World’s Biggest Cryptocurrency Exchanges Pull Out From Japan, Overly Strict Policies

Binance, the world’s biggest cryptocurrency exchange, and Kraken, a major US and Europe-based cryptocurrency trading platform, have officially announced that they are pulling out from the Japanese cryptocurrency exchange market in April.

Overly Strict Regulations

For many years, the Japanese government has been one of the few authorities to express enthusiasm towards the cryptocurrency sector and blockchain technology. Japan was the first country in 2017 to impose a national licensing program designed specifically for cryptocurrency exchanges, acknowledging trading platforms as regulated financial service providers to ensure they receive sufficient service from banks and financial institutions.

Due to the government’s efforts to improve the local cryptocurrency market, exchanges within Japan began to prosper, recording hundreds of millions of dollars in quarterly profit and expanding to other regions such as the US.

According to cryptocurrency market data provider CryptoCompare, Japan still remains as the largest bitcoin exchange market with more than 36 percent of the market share. With adoption of cryptocurrencies by some of the most influential local conglomerates such as electronics retailer Bic Camera, airline Peach, and hotel chain Capsule, the cryptocurrency market of Japan is rapidly growing.

As Tokyo-based technology journalist Yuji Nakamura reported, Coincheck, formerly Japan’s largest cryptocurrency exchange, recorded a staggering $150 million quarterly profit in late 2017, prior to its $500 million hacking attack.

“Before it was hacked, Coincheck made almost as much money as TSE, which operates Japan’s stock and futures markets. My guess is Coincheck could have fetched $6 – 8 billion valuation,” said Nakamura.

But, it is important to acknowledge that the Japanese cryptocurrency exchange market has been able to demonstrate significant success due to the government’s imposition of practical policies and regulations. While protecting investors, the Financial Services Agency (FSA) of Japan focused on facilitating the growth of businesses by providing them with licenses to operate as financial institutions.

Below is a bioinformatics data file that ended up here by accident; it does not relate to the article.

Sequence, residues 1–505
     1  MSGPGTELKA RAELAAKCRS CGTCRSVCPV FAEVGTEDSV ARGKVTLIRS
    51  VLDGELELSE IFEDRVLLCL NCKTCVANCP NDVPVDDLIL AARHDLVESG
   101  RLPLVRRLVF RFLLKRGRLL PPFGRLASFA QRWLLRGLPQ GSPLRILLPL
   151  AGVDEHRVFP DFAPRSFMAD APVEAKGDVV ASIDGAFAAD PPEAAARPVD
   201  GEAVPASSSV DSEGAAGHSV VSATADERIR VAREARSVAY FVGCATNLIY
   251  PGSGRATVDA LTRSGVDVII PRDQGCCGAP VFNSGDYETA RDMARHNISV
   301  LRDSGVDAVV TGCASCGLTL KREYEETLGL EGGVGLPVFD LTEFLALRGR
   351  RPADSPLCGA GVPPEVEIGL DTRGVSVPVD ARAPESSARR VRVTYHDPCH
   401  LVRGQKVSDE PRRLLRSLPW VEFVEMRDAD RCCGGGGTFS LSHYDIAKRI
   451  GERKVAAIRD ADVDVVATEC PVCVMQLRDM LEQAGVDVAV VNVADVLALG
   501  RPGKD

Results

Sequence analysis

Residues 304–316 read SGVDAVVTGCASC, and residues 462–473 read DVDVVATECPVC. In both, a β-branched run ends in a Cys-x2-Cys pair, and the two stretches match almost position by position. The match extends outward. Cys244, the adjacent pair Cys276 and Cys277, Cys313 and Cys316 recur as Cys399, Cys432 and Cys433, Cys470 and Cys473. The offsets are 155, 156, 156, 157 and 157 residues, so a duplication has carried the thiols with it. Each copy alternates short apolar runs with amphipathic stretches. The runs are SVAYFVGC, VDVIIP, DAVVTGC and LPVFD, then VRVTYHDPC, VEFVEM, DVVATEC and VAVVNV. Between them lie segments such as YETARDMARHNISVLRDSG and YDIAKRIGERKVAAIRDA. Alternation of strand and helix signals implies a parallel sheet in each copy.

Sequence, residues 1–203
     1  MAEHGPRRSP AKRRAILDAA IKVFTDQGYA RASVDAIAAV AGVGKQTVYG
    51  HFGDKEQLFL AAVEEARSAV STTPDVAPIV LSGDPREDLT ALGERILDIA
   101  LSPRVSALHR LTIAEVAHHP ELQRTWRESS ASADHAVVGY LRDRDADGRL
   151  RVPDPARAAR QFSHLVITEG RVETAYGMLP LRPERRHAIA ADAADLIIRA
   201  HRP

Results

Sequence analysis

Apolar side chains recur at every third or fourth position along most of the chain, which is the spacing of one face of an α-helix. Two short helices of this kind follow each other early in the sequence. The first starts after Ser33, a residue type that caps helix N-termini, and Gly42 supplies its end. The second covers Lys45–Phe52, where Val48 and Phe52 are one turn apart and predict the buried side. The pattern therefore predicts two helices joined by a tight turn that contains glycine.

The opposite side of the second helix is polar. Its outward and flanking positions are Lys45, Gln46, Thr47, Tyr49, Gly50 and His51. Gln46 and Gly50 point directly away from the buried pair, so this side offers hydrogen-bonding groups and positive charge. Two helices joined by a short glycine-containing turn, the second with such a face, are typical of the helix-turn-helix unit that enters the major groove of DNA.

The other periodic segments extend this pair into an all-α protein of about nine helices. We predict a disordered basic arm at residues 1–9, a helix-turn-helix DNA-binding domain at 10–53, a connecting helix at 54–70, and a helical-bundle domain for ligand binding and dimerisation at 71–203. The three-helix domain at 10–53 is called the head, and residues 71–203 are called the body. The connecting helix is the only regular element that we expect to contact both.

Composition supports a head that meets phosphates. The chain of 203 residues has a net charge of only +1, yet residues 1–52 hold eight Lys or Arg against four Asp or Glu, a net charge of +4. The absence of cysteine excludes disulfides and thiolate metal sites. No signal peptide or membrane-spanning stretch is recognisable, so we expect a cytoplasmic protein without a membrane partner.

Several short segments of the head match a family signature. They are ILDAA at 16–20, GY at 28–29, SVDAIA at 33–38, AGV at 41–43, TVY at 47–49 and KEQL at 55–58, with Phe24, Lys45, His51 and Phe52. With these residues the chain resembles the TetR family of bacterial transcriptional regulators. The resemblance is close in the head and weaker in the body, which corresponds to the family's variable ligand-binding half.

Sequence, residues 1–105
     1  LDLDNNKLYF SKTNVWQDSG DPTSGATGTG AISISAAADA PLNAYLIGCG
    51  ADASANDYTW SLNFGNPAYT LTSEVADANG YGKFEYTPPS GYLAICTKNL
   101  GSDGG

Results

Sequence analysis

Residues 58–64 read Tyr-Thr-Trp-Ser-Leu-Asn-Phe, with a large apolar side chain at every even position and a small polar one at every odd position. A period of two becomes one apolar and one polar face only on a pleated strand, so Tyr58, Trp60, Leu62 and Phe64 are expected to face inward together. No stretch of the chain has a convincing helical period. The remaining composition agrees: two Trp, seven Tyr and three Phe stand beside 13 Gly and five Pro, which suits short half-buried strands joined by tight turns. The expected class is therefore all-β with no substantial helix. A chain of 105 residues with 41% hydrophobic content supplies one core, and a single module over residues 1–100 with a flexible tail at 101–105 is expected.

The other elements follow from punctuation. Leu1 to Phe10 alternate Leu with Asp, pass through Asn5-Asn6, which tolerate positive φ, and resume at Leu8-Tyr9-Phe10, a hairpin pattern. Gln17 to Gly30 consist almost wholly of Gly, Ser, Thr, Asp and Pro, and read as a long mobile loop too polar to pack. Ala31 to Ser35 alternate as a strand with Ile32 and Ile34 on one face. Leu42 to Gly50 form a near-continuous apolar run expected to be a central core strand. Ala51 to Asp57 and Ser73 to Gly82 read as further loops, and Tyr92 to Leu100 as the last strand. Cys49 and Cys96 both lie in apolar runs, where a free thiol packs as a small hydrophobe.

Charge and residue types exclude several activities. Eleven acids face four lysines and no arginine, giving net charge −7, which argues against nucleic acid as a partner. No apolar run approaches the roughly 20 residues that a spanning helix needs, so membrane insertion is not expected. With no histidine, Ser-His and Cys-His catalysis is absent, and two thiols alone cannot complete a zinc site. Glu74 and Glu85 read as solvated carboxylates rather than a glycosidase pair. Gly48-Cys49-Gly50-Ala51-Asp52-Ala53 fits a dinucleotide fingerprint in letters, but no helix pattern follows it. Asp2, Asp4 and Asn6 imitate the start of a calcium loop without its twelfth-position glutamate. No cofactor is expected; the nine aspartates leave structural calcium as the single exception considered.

As of recent, the Japanese government and its financial authorities have started to become more strict with exchanges and cryptocurrency businesses. In March, Binance formally announced that it is relocating to Malta after the company received a letter from the FSA of Japan.

“We received a simple letter from JFSA about an hour ago. Our lawyers called JFSA immediately, and will find a solution. Protecting user interests is our top priority,” said Binance CEO Changpeng Zhao at the time.

Less than a week after the incident, Binance permanently relocated to Malta, with a personal welcome from its prime minister Joseph Muscat. “Welcome to Malta, Binance. We aim to be the global trailblazers in the regulation of blockchain-based businesses and the jurisdiction of quality and choice for world class fintech companies,” said Muscat.

In late April, major cryptocurrency exchange Kraken also announced that it is officially ceasing operations in Japan due to excessive regulatory pressure from local authorities and the FSA.

Yo Sub-kwon, the founder of CoinSetter, a cryptocurrency trading platform based in Canada acquired by Kraken, said, “they are going to pull out temporarily and go back to the FSA when they are ready to register with them.”

Although the efforts of the Japanese government to ramp up its efforts to better regulate the market are understandable given that more than $500 million were stolen from the country’s biggest exchange, the pressure from the FSA is forcing major cryptocurrency exchanges to move out of Japan, which could ultimately lead to large losses for the cryptocurrency sector of the country.

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